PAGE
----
At the International Women’s Rights Project based at York University in Toronto, we have recently completed an evaluation of the use of the Convention to Eliminate All Forms of Discrimination Against Women (CEDAW) in ten countries. The methodology we chose was a grassroots one. If global activists are going to organize and train women at the local level on the use of international instruments and mechanisms, the effectiveness of such work needs to be evaluated by the parties involved—the local women.
The study concluded that effective change in the status of women is dependent upon the capacity of local women’s NGOs to organize and mobilize members of their communities, to use their countries’ reporting procedures, and to engage in dialogue with, if not to influence, their governments. These are political organizing strategies of local women’s movements as much as they are about the use of CEDAW or any other human rights instruments. CEDAW will only be effective if we can ensure that women at the local level have political power to force their governments to change domestic laws and policies in accordance with the convention.
At this point the greatest barrier to progress lies in the reluctance of governments to commit the fiscal resources for programs required to address even the most fundamental human rights—the rights to shelter, food, education, employment, and the cessation of violence. We hope that any losses by the women’s movement at the international level are not attributable to a myopic focus on UN conferences and documents at the expense of building strong local women’s movements that mobilize grassroots women to bring about concrete change. The most absorbing activity of the last two Beijing +5 Prep Coms was the fight against the rollback of gains made in Beijing, whereby states have avoided commitments to the allocation of resources or to any redistributive agenda. Governments around the world are subverting our agenda with their own political maneuvers in venues where we have little voice in the process. None of this is new within the UN system. With little in the way of enforceable documents or an effective means of implementation, and a process fraught with political intrigue not of our own making, what meaningful change can occur?
We in the international women’s movement need to question whether we have become too dependent on legal frameworks. We may be twisting ourselves around the legal paradigm in artificial ways, disconnecting ourselves from our real agenda. The narrow focus of criminal justice systems on “finding the bad guy,” without a more comprehensive analysis of the conditions that perpetuate abuses, too often renders women as “victims.” Creating the economic, social, and political conditions that will lead to the securing of rights is as important as finding the violators and seeking redress.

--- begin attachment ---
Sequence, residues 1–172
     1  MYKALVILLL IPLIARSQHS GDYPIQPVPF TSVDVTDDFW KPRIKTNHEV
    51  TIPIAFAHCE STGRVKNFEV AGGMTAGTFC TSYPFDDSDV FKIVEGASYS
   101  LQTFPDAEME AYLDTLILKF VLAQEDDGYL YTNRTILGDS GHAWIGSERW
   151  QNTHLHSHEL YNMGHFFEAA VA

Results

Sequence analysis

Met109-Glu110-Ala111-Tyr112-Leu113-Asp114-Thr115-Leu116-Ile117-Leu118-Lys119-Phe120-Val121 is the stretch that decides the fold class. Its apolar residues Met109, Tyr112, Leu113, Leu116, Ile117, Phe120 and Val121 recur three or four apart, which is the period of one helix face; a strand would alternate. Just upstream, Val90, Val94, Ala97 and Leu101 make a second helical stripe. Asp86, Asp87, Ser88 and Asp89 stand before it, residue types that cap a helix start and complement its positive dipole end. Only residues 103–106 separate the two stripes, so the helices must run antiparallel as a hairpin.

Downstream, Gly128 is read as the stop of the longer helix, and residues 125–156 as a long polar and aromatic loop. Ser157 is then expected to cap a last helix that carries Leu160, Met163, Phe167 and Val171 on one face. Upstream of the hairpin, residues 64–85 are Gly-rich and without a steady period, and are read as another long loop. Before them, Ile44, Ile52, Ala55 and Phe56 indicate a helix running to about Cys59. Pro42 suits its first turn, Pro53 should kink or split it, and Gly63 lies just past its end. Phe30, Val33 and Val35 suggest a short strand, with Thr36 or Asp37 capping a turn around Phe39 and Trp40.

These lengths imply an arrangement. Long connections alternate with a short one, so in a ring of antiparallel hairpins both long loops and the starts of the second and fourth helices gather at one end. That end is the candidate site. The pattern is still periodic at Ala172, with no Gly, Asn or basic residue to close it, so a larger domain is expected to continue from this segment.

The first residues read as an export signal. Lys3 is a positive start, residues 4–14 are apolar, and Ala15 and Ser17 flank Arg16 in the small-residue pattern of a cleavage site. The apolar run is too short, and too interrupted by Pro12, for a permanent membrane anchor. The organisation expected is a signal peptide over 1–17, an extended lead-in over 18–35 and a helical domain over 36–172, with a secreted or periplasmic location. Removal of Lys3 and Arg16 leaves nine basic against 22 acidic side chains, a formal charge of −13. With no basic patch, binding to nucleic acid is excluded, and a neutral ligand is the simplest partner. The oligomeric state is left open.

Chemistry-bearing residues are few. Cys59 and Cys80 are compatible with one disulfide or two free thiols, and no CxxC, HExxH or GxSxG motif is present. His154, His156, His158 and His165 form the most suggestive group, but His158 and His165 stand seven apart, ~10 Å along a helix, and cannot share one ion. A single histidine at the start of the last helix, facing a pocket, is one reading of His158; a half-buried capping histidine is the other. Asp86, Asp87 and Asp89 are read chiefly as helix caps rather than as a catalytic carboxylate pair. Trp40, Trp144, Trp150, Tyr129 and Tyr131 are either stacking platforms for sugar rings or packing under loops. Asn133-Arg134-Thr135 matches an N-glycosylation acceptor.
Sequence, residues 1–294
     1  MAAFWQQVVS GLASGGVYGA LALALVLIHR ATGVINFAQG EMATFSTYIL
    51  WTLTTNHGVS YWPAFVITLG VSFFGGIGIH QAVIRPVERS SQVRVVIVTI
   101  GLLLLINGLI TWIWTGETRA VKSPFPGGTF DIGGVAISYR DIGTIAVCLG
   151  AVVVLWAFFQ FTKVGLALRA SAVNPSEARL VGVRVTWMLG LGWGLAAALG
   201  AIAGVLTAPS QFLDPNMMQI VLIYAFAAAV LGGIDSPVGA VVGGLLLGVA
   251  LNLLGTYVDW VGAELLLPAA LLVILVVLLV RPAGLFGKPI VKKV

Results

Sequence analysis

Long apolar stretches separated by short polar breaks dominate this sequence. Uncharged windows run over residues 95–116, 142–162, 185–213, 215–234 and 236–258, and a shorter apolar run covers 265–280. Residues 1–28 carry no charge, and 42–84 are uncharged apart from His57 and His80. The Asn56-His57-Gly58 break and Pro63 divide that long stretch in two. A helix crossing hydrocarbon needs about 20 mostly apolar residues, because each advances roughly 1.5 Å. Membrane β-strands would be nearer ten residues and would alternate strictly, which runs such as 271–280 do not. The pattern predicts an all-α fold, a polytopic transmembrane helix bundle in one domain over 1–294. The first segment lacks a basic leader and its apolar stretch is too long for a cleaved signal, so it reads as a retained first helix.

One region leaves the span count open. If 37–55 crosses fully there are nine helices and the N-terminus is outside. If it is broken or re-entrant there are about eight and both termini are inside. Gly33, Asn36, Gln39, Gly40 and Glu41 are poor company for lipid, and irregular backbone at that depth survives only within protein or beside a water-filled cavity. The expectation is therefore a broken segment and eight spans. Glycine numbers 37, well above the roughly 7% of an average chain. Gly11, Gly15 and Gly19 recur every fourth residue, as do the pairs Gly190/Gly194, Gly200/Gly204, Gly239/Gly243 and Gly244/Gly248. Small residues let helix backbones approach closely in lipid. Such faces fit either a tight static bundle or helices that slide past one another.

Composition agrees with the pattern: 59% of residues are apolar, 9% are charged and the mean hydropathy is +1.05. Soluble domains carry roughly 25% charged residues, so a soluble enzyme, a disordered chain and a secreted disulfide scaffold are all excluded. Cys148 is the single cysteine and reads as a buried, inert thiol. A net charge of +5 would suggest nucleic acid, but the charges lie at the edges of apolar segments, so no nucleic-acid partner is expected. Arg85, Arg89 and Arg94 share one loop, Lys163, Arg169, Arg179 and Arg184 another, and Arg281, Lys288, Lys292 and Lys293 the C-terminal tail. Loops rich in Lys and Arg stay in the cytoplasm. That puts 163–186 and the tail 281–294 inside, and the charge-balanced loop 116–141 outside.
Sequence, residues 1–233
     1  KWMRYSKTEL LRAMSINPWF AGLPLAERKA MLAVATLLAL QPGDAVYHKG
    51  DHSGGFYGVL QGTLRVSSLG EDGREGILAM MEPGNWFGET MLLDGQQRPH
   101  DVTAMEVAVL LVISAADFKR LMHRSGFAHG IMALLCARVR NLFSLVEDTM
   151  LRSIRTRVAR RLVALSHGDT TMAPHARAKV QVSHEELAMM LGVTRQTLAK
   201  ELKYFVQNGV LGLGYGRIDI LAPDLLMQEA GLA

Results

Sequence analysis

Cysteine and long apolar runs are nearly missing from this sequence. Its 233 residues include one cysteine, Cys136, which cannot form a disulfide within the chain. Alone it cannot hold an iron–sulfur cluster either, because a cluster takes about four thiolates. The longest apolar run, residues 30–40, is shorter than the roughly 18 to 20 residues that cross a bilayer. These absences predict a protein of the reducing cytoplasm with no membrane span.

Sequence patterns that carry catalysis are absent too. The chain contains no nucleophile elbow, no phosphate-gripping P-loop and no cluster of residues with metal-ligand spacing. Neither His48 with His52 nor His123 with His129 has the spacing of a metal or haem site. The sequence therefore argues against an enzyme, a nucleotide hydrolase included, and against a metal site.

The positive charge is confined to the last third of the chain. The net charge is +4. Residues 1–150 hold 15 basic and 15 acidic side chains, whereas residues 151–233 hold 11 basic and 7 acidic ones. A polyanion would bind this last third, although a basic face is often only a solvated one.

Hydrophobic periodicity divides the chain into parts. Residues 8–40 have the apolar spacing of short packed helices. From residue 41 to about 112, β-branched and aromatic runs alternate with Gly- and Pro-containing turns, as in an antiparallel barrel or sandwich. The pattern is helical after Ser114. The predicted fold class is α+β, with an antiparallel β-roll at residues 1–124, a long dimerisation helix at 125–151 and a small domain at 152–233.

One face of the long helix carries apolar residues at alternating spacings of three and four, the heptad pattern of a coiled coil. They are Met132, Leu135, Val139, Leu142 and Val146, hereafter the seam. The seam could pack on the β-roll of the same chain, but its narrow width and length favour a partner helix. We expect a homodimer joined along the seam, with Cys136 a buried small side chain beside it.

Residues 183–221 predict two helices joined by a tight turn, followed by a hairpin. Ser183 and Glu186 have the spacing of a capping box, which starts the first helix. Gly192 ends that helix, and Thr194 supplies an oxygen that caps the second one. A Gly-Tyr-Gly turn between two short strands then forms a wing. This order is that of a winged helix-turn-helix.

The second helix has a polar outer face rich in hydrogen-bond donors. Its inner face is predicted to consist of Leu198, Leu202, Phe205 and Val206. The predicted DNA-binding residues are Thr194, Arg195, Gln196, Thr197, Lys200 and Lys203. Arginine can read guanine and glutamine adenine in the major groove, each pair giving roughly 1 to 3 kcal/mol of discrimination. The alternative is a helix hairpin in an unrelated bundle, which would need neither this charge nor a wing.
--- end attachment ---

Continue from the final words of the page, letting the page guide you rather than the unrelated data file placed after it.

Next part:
Instead, it seems that the resources directed to the international level have drained funding for some of our national women’s movements. This has been the case in my country, Canada, which the UNDP Human Development Index (HDI) consistently awards the “Oscar” for the best country in the world in which to live. The ranking is impressive, as long as you don’t read the “scores” for the supporting roles of women and indigenous peoples. Women and children are poorer now in Canada than they have been in the past 20 years. Given the enormity and horror of such human rights violations as genocide, rape, and starvation throughout the world, Canada’s plight may seem trite. But the tragic irony is that Canada is one of the countries that could most easily remedy its own violations of human rights.
Canada’s behavior illustrates the heart of the local/global dilemma. There is a growing gap between Canada’s compliance with its international human rights obligations and its domestic policies and actions. Canada excels at international donor aid and provides expertise on democracy and human rights outside its borders, while seldom acknowledging its own complicity in abuse and oppression at home. In fact, UN committees charged with monitoring major treaties—such as CEDAW, the International Covenant on Economic, Social and Cultural Rights, and the International Covenant on Civil and Political Rights—are increasingly finding Canada to be violating the fundamental rights of our most vulnerable citizens.
Canada appears of late to choose to support participation in UN conferences and international work, rather than respond to its own civil society groups seeking to change existing Canadian policies that abuse human rights. Such contradictory behavior perpetuates the perception, especially among people in developing countries, of an imperialist international human rights and development industry. It provides an easy excuse for governments of poor countries with atrocious human rights records to continue to deny basic rights, thereby feeding a backlash against the struggle for rights that women experience most acutely.
In Canada, human rights activists struggle to enhance democratic participation and transparency in order to hold our government accountable. If we cannot do it at home, in the HDI “Oscar” country, how can those of us who work at the global level hope to ensure the accountability of the governments of victims of human rights abuses around the world? And perhaps more critical a question is: to whom are we as global activists accountable? One of the uses of the international human rights system could be at the very least to articulate the hypocrisy of the North. But that is hardly enough!
We advocates and scholars seeking to broaden women’s rights need to focus on closing the gap between the local and the global, while continuing to identify the pressure points wherever we find them. This is no less tall an order than the lifetime task of protecting women’s human rights that we have set ourselves.